"When their manhood is threatened, men react by doing less housework. The only exception? Meal preparation."
"For some men, these are scary times. Men lost jobs in the recession, and women outnumber them on college campuses. (Some are predicting, in fact, that we’re witnessing the end of men.)
As I’ve written, one way some men are responding to their slipping place in the social hierarchy is by supporting Donald Trump, whose rhetoric hearkens to a less progressive, more traditional time.
But another way men react to having their masculinity threatened is stealthier. They do fewer chores, according to an analysis by Dan Cassino, a professor at Fairleigh Dickinson University, and his wife Yasemin Besen-Cassino, from Montclair State University, which relied on the American Time Use Study.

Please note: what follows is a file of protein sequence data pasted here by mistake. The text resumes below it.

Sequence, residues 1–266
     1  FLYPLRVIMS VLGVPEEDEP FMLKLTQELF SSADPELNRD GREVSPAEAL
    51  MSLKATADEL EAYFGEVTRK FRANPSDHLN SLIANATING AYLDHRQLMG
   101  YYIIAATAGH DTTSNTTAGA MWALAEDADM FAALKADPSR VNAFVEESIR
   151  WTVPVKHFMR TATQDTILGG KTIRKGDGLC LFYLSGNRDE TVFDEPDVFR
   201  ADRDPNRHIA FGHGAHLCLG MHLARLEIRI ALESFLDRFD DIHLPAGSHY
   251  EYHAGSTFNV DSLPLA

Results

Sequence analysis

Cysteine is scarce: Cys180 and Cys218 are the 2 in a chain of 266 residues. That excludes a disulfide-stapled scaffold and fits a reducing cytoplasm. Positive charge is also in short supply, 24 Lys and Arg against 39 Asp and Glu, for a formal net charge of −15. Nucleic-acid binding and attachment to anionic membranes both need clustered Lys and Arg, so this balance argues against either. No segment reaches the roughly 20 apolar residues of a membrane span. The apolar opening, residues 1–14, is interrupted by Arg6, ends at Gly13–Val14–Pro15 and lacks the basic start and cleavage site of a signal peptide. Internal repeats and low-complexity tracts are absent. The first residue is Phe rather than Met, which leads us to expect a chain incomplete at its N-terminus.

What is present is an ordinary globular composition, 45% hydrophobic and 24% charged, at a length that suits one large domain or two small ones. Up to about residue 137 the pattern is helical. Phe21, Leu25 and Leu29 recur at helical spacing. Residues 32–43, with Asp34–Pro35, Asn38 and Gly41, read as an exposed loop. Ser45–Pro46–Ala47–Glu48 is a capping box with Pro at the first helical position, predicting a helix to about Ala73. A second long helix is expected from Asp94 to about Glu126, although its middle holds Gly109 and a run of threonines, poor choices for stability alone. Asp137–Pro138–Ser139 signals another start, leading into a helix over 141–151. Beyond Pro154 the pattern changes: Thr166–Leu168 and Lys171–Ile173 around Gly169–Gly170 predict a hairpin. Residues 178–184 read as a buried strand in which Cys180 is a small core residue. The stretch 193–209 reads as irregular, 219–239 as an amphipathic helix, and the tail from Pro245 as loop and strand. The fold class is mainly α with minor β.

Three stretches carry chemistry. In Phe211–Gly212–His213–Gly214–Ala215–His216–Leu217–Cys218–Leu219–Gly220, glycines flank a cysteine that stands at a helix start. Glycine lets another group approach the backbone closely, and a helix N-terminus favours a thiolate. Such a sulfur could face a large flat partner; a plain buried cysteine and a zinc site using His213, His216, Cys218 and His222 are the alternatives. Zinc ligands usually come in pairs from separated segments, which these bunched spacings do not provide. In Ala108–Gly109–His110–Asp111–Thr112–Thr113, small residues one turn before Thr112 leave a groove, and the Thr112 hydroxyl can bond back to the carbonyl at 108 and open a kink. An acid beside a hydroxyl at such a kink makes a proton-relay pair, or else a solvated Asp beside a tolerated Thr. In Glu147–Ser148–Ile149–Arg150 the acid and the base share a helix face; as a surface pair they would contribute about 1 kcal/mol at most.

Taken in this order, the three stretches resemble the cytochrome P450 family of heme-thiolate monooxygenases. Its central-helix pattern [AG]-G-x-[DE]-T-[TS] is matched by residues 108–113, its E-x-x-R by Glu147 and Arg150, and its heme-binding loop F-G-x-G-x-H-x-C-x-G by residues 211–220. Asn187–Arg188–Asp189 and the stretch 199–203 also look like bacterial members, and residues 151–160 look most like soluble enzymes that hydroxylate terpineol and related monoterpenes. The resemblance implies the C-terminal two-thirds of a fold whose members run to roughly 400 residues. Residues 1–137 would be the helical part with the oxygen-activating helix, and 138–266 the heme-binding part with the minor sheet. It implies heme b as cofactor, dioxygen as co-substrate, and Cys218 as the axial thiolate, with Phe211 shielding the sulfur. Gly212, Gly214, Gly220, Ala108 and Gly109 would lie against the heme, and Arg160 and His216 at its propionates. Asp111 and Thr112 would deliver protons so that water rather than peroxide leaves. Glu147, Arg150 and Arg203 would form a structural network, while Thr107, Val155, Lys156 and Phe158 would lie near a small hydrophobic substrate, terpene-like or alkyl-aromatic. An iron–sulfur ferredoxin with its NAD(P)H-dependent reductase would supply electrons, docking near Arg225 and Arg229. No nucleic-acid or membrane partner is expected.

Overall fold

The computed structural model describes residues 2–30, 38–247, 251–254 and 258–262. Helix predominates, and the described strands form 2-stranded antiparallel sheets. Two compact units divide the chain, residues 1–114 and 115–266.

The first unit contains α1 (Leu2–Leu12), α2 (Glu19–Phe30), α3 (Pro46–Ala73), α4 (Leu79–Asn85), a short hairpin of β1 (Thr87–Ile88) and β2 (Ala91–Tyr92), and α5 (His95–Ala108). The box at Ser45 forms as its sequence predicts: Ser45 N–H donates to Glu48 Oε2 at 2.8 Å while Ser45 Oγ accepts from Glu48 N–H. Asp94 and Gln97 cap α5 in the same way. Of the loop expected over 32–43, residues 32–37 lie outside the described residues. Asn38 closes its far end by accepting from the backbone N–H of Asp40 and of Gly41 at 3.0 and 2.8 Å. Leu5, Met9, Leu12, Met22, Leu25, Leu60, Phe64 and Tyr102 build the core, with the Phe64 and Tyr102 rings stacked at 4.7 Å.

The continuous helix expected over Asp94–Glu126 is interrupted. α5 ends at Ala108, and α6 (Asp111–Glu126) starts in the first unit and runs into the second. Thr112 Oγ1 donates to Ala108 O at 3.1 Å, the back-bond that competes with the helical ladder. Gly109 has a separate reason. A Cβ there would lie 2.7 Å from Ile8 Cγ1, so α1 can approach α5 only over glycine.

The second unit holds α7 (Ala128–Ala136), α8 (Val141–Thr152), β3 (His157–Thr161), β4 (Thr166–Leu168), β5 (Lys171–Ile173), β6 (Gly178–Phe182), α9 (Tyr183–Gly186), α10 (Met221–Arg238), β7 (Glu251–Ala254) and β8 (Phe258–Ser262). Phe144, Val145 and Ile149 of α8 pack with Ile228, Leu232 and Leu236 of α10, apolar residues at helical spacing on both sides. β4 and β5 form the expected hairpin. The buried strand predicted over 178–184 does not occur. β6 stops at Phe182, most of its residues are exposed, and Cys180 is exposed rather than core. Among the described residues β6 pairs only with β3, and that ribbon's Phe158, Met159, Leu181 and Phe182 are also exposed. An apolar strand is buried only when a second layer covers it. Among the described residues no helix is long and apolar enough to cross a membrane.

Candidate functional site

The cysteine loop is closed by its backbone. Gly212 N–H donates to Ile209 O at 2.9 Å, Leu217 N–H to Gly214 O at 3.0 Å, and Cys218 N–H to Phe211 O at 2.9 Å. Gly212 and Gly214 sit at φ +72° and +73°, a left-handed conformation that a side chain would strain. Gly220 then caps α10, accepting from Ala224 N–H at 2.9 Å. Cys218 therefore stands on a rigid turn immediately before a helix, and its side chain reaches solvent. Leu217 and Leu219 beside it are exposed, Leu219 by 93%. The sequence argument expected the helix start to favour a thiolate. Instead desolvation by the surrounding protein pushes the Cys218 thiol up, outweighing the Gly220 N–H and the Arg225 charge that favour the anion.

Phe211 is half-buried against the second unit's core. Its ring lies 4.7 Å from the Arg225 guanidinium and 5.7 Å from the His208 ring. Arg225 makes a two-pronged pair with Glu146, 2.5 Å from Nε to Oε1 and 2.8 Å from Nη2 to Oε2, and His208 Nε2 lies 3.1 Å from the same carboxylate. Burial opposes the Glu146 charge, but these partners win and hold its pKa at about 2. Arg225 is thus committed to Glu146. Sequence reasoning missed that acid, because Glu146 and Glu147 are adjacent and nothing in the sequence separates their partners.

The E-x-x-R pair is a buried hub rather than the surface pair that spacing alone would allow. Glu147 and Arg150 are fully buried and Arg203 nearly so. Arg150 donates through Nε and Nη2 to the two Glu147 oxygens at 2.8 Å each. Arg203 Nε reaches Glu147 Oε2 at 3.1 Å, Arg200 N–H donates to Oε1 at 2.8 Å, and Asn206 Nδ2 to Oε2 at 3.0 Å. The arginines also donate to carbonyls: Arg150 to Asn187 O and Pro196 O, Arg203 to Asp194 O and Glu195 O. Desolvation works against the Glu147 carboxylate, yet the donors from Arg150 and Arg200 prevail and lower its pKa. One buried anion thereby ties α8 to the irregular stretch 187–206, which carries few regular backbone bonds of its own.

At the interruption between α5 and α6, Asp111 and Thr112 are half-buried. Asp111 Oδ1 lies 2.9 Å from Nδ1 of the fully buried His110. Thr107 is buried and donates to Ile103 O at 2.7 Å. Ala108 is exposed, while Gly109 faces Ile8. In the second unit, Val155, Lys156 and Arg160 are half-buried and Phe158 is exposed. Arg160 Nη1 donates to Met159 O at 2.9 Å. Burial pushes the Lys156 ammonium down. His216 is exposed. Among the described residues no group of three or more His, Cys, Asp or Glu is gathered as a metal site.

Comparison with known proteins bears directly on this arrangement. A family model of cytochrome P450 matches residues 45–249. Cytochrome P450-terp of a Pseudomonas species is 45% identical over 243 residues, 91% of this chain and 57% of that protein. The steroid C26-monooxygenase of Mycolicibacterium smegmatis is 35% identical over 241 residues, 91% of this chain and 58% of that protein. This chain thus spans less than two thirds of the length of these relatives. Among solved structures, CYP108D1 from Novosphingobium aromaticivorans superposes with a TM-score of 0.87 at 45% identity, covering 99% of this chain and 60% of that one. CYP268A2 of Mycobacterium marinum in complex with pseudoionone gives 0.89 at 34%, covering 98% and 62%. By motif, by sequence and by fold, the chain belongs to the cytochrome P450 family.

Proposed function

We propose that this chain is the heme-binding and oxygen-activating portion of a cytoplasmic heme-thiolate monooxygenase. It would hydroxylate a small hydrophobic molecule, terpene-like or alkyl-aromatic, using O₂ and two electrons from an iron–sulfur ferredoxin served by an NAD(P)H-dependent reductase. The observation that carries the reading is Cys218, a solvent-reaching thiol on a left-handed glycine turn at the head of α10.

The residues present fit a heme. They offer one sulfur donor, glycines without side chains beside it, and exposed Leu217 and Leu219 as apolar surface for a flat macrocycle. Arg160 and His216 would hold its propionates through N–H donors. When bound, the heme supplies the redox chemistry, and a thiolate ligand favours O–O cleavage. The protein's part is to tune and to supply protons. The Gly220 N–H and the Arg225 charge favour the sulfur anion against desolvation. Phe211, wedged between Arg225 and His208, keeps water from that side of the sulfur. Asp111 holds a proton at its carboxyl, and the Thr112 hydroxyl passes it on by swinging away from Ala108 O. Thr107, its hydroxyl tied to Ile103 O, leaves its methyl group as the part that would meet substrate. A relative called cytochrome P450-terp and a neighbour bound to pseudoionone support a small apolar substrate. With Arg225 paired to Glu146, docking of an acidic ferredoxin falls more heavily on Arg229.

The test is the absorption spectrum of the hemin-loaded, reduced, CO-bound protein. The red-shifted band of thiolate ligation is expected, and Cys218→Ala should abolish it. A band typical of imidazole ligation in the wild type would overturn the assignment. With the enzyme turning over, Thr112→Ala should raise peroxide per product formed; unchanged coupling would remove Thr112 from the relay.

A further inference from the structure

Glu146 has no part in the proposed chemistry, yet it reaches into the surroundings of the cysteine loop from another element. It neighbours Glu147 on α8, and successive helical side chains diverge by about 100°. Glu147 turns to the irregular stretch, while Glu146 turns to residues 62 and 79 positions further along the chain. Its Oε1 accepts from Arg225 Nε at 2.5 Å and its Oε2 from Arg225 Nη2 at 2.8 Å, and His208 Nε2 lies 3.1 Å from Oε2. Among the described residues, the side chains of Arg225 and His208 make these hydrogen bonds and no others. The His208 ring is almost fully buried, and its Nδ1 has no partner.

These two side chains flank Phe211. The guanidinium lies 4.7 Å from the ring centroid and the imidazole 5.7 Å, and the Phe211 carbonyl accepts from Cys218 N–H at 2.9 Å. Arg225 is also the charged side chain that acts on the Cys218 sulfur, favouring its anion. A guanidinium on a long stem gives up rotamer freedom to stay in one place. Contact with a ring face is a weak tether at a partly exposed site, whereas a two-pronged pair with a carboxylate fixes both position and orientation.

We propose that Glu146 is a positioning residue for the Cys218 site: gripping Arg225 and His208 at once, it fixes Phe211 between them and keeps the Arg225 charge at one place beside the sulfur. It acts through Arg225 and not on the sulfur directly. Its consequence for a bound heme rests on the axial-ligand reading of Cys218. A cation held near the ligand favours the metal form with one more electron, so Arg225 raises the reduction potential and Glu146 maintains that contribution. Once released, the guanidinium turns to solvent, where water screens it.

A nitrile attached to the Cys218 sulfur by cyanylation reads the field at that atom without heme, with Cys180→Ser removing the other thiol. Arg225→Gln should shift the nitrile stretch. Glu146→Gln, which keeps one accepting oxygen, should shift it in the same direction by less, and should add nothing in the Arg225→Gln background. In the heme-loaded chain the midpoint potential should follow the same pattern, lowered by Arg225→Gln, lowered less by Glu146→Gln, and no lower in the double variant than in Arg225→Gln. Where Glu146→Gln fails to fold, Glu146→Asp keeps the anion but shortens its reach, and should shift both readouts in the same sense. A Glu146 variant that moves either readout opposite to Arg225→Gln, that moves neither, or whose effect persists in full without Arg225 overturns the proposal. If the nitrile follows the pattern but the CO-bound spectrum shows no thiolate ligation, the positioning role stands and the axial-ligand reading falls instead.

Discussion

According to their findings, men especially avoid housework just when you’d think they would pick up the slack: When they make less than their wives do.
Overall in the U.S., women clean more than men do. American men did an average of 15 minutes of housework each day, while women did 45, the Cassinos write. Most men—77 percent—did no housework on any given day, while most women—55 percent—did at least some."